Rose Marie celebrates her 90th birthday on August 15, 2013. She is a legend of show business with a career stretching over 80 years since her debut as her self in a Vitaphone musical short that appeared on the bill with The Jazz Singer at its premiere in 1927. According to Rose Marie, when she approached Al Jolson at The Wintergarden Theater in New York on the night of the premiere that made movie history and told him, "You were wonderful, Mr. Jolson!", his reply was, "Get away, you little brat!" "He didn't like kids," she explained. Her first credited appearance is in another musical short, Baby Rose Marie the Child Wonder (1929).
The legendary performer was born Rose Marie Mazetta on August 15, 1923 in New York City, the daughter of an Italian-American father and Polish-American mother. Blessed with a remarkable singing voice for a child that allowed her to belt out jazz songs in the "coon shouter" style of the 1920s (as exemplified by Sophie Tucker), she began performing when she was three years old as "Baby Rose Marie." By the time she was five, she had her own radio show on NBC, appearing after 'Amos and Andy' (1949, the most popular show in the country. Many people could not believe the voice they were hearing actually belonged to that of a child.
Baby Rose Marie made many appearances in films in the 1930s, most famously in International House (1933), a movie about television, the medium in which Rose Marie would win her everlasting fame. In addition to her film performances, Baby Rose Marie also appeared on records and performed in vaudeville as a headliner. One of the acts she appeared with was Edgar Bergen before his Charlie McCarthy ventriloquism act, when he was still a small-timer. A half century letter, when she appeared on TV's "Murphy Brown" (1988), she told star Candice Bergen, "I worked with your father in vaudeville when he was doing a doctor sketch." When Bergen replied that she couldn't have played the nurse in the act as she was too young, Rose Marie told her that she was the headliner and he was her opening act. "She didn't care for that too much," Rose Marie remembered.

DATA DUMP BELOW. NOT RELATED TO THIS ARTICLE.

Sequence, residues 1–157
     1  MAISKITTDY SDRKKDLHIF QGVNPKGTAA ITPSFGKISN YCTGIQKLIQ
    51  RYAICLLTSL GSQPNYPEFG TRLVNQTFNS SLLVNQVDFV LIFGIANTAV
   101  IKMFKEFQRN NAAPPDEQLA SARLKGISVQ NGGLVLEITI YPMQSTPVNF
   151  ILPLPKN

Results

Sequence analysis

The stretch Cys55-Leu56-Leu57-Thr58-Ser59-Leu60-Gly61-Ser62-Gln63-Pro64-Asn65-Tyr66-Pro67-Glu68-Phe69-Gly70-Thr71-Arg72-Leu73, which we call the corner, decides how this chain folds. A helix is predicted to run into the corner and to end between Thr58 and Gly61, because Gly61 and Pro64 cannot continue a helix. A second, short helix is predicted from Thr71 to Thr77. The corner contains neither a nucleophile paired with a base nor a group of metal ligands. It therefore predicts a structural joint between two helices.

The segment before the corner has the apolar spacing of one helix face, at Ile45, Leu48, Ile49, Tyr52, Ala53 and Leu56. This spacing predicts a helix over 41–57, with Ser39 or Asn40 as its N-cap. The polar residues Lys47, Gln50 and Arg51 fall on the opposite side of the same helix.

She also appeared in vaudeville with Dick Powell, Rudy Vallee and Jimmy Durante, who mentored her. She even entertained at the White House three separate times at the request of three presidents: Calvin Coolidge, Herbert Hoover and Franklin D. Roosevelt.
She transitioned to becoming a nightclub chanteuse as a teenager, playing all the big night clubs and hotels in New York, Chicago, Atlantic City, Las Vegas and Miami, Florida, usually in Mob-controlled venues. (Prominent mobsters, who called her "The Kid", liked her and protected her.) A young Milton Berle, whom she had known since she was a child, wrote some of her material, as did Morey Amsterdam, her future "Dick Van Dyke" co-star whom she knew since she was nine years old.
After the war, she married trumpeter Bobby Guy of the Kay Kyser Orchestra, in 1946. She made her Broadway debut in 1951, co-starring with Phil Silvers in the hit show Top Banana (she also appeared in the 1954 film adaptation). Rose Marie also appeared on radio on "The Phil Harris - Alice Faye Show", playing the sister of Sheldon Leonard, who would later hire her for "The Dick Van Dyke Show" (1961) in his capacity as executive producer.
Rose Marie had a career resurgence as an actress in the 1960s, starring in three sit-coms during the decade: The first was "My Sister Eileen" in the 1960-1961 season. Next, she starred as comedy writer "Sally Rogers" on "The Dick Van Dyke Show" (1961-1966). Then she appeared on "The Doris Day Show" from 1969 to 1971. She also appeared frequently on "The Hollywood Squares" (1965) often as the center square and had a recurring role on "Murphy Brown" (1988) and "Wings" (1990).